A majority of union members now work for the government, partly because massive layoffs in the recession plunged the private sector's union levels to a record low.
Local, state and government workers make up 51.5 percent of all union members — becoming the majority of organized labor for the first time, the Bureau of Labor Statistics reported Friday.
Private sector union membership plummeted by 10 percent last year, while government unions posted slight gains.
The shift shows the continued difficulty unions face in trying to revive a movement that has declined steadily since its peak of about 35 percent of workers in the 1950s. And it undermines the traditional ability of unions to push private sector wages higher.
Overall, union membership declined by 771,000 workers, to 15.3 million. That's 12.3 percent among all workers, dropping from 12.4 percent in 2008.
Government unions gained 64,000 members.
While public sector employment has largely held up in the recession, losses could hit government workers harder this year without more federal aid to states and localities.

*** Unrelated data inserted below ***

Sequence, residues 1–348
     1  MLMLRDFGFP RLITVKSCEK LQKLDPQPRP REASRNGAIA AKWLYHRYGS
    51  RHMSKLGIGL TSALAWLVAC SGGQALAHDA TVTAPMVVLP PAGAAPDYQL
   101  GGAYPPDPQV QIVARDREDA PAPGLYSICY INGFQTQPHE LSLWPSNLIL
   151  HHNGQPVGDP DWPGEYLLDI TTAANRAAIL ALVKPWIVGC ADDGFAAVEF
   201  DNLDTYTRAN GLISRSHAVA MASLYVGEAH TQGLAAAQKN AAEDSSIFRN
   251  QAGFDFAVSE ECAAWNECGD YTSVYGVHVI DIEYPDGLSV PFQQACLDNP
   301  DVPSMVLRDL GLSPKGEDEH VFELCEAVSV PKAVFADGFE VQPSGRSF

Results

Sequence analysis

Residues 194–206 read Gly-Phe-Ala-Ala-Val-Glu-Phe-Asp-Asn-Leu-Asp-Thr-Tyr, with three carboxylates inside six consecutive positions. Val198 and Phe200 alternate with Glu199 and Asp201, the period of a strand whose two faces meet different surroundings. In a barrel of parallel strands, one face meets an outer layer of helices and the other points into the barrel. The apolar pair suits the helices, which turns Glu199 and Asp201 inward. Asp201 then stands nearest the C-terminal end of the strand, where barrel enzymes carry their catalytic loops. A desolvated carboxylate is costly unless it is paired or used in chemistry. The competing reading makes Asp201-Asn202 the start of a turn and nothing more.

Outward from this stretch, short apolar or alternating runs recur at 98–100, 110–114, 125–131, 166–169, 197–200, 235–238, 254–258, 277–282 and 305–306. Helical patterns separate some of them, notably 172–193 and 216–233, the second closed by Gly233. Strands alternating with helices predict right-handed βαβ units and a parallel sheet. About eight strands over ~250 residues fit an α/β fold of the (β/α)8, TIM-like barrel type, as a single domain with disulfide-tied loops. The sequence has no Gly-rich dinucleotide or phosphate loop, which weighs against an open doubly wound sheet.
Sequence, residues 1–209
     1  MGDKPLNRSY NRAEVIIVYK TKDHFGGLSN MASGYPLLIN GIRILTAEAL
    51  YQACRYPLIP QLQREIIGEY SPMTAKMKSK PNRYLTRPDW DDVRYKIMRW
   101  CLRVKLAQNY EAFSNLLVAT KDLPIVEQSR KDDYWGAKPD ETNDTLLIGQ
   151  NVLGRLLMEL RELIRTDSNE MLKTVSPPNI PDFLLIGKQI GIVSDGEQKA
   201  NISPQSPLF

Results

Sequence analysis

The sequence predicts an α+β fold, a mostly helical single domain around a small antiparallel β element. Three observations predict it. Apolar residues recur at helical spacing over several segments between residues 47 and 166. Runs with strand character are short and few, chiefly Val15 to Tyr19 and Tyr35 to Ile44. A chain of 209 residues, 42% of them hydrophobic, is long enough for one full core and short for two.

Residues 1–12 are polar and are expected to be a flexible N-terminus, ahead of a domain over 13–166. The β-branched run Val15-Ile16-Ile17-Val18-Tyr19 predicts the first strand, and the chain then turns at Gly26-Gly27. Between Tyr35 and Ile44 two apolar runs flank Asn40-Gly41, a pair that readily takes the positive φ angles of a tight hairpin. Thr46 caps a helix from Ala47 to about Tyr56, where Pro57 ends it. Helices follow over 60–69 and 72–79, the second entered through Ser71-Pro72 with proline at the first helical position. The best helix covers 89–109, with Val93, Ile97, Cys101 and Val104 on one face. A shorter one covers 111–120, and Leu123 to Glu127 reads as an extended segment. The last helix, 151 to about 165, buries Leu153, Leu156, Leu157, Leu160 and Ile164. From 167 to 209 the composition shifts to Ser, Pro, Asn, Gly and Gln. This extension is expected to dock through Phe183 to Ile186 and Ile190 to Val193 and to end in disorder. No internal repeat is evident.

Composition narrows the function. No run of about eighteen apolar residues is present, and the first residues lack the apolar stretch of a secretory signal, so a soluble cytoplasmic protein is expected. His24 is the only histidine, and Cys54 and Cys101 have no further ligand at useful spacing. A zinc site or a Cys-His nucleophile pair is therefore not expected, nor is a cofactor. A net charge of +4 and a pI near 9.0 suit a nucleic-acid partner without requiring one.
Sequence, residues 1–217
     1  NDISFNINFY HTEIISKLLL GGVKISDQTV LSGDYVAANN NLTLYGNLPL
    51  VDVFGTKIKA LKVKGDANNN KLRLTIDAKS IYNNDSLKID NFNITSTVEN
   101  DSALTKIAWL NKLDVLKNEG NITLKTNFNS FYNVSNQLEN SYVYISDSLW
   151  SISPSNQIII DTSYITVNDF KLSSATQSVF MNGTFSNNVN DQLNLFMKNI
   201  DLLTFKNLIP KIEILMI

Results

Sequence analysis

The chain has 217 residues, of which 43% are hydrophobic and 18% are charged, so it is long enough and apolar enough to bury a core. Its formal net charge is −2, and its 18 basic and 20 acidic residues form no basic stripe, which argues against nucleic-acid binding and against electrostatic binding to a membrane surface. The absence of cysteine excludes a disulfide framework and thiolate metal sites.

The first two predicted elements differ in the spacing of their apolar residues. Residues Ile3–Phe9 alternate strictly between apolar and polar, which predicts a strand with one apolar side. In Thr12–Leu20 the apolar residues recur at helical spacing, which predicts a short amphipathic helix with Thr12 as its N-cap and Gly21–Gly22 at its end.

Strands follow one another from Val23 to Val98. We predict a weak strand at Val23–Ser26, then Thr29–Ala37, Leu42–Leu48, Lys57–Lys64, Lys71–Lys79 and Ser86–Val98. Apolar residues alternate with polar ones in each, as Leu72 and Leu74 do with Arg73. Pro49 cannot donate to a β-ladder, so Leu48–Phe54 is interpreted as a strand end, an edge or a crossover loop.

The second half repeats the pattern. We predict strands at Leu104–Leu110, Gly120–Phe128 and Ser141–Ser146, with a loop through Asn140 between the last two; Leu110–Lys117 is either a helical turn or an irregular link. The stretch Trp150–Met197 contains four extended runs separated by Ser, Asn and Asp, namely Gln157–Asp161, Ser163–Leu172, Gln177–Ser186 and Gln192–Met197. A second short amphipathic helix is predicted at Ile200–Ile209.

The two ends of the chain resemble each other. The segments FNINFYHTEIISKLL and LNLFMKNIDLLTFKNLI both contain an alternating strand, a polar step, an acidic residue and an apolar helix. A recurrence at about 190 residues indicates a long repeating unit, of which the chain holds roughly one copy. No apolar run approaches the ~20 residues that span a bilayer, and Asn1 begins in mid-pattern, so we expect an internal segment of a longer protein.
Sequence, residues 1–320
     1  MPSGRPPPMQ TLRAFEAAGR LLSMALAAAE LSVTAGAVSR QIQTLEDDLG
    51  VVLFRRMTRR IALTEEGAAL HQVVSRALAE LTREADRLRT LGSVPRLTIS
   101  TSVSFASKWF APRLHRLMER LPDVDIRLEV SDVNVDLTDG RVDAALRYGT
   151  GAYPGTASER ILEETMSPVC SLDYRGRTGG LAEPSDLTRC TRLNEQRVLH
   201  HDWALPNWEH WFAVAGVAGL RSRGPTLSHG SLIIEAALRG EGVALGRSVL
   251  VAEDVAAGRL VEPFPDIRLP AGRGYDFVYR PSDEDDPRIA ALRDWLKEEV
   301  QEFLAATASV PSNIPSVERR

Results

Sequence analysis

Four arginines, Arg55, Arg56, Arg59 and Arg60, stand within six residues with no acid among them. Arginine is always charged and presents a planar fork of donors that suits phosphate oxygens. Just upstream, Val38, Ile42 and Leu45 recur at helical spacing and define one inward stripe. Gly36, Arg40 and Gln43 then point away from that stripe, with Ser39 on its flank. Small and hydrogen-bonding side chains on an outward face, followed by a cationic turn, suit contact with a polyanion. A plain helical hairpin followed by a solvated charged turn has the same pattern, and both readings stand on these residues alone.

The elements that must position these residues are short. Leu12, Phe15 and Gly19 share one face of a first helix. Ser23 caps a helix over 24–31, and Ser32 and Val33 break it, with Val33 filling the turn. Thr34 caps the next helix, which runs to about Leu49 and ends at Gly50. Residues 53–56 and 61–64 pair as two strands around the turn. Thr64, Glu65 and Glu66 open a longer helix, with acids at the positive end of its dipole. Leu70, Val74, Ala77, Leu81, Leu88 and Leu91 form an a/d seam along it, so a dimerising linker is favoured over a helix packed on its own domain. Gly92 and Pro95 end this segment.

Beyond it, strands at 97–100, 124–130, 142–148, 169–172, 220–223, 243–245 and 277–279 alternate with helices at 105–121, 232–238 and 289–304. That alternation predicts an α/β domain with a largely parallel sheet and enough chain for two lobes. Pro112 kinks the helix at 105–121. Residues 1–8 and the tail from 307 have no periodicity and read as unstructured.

The recession battered two industries with high union density — manufacturing and construction — leading to a decline in private sector union membership from 7.6 percent to 7.2 percent of all workers.
Companies have been more successful than governments in resisting union organizing drives.
"Employers can retaliate against private sector workers who want to form a union with impunity, and in the public sector it doesn't work that way," said Damon Silvers, policy director and special counsel at the AFL-CIO, the nation's largest labor federation.
Local government workers — a group that includes teachers, police officers and firefighters — had the highest union membership rate at 43.3 percent.
James Sherk, a labor policy analyst at the conservative Heritage Foundation, said the shift to public sector workers has increased labor's call for "higher taxes on Americans to fund more government spending."
Passing legislation in Congress that would make it easier for private sector workers to unionize has been a top priority of organized labor. But that's unlikely to pass this year, now that a Republican victory in a special election in Massachusetts has cost Senate Democrats and their independent allies their 60-seat majority.
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